In ‘Tears of the Kingdom,’ the Depths Are Where the Action Is

Where Breath of the WildIts relatively limited set of player interactions means its world is filled with a lot of free space—a great opportunity to admire the movement of the wind through the tall grass while riding from this town to another town or shudder with sympathy as Link climbs the craggy peaks of a snow-capped mountain range—Kingdom Tears‘s Hyrule is brimming with ingredients needed to facilitate its object-building powers. The link repeatedly stumbles across roadside stops containing wooden planks and iron wheels, or happens on broken river bridges or minecart tracks with vehicles, sails, batteries, and blowers under construction. standing nearby.

Whether above the billowing winds of rocky islands in the sky or beneath the forests, deserts and plains of the surface, the world has plenty of pastimes. These people usually take the form of talkative locals with a red exclamation mark denoting their status as side quest givers or wiggling spirits who need a table. hand across the land to see their friends again. Helping one of these characters or just navigating from one part of the environment to another often involves scanning Link’s surroundings for useful debris, building infrastructure floor or vehicle with it and move on to the next problem (usually no more than a short sprint from the one just solved).

This focus means that the game is more of a toy box than its predecessor’s sandbox—a sprawling obstacle course rather than a hike in the wilderness. Kingdom Tears is a busier game, and often feels too pragmatic in its design to inspire the same adventure as its predecessors.

The newly added “Depths” region — a massive underground landscape full of monsters and precious resources — provides a partial antidote to this man-made type. Covered in darkness, dripping with a materialized demonic goop named “gloom”, and concealing monsters in pitch-black darkness, Depths offers the chance to spark the imagination to explore the free form. After paragliding into one of Hyrule’s surface-fractured abysses, Link must navigate the darkness by launching glowing particles in the form of breadcrumbs that increase visibility, pinpoint the location of Hyrule. luminescent trees mark his position on the map and try not to stumble, being night blind. , off the edge of the cliff go down to the cave deeper than ever.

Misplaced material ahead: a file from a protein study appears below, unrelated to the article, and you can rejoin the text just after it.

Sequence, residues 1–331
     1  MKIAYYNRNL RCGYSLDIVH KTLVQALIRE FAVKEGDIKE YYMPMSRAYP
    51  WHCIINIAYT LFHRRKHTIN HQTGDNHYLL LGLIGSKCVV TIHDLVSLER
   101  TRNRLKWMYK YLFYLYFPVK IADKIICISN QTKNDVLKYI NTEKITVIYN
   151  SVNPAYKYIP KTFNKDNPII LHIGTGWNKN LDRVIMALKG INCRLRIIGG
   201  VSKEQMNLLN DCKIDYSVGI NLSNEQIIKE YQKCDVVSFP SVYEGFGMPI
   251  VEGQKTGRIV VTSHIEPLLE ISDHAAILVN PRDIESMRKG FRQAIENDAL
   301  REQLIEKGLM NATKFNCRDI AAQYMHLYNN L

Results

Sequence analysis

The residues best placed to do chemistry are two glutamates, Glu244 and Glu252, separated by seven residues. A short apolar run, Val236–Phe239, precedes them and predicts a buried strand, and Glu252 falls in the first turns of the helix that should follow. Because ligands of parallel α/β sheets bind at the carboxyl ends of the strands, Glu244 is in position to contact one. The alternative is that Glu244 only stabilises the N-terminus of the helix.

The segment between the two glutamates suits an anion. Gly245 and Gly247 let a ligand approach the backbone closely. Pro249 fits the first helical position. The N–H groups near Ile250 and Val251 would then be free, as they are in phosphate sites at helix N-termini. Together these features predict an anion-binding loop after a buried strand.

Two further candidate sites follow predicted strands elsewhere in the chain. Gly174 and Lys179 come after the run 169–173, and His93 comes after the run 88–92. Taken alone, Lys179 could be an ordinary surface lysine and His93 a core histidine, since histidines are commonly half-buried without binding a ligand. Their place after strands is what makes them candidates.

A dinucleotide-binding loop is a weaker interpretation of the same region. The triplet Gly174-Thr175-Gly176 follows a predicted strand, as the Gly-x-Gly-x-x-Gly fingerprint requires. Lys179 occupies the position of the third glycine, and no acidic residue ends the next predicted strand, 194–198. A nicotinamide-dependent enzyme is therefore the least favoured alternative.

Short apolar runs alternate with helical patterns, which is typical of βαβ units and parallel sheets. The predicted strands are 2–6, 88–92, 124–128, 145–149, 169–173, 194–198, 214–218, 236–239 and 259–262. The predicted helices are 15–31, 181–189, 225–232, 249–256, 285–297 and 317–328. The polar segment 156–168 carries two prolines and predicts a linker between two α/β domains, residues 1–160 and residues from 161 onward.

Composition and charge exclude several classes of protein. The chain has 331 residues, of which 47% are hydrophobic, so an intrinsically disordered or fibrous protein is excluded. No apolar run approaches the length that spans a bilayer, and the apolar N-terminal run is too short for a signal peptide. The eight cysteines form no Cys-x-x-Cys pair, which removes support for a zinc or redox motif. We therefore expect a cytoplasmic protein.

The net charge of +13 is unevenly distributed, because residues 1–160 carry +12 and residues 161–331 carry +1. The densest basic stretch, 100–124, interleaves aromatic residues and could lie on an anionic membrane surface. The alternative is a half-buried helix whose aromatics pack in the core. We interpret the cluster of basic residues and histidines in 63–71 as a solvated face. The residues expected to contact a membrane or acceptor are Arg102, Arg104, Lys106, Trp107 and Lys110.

IN WIRED’s interview with Kingdom Tears Director Hidemaro Fujibayashi and producer Eiji Aonuma Fujibayashi noted that Depths “is really about driving [a] sense of adventure” by “making sure we provide an area where players can really have a spirit of adventure and discovery.”

Organized in contrast to much of the game’s environment—its surface and sky—Depth offers more of a “sense of adventure” than can be found elsewhere in the game. Although great groups of aimless wanderers appear here and there, playing Kingdom Tears is a fundamentally different experience than what is offered by Breath of the Wild. Despite the similarities in aesthetics and plot—Link still, after all these years, tries to rescue Princess Zelda and hangs out with all kinds of rock monsters, mermaids, and bipeds along the way—part what follows is a departure in tone and action that, ironically due to the freedom of player expression, feels much more tightly directed than its predecessor. The fingerprints of its designers are evident in every carefully curated collection of building materials, and the charm of new activities is injected into nearly every nook and cranny of the map.

It may not surprise or feel as refreshing as Breath of the Wild‘s escapes the decades string formula, but Kingdom Tears Still an impressive refinement of what a Zelda the game could be many decades after launch. As an approach to addressing the typical sequel’s need to offer audiences a combination of expected familiarity and novel additions to previous installments, this is a unique creation. understanding distinction.

If the player longs to explore in the quiet and long lost forest Breath of the Wild provided—and the series’ co-creator, Miyamoto, sought to bring virtual life with 1986 Legend of Zelda—However, they would be better served looking elsewhere. The hike in the wilderness now features Lego blocks scattered across the paths and colorful signs marking each milestone along the way.


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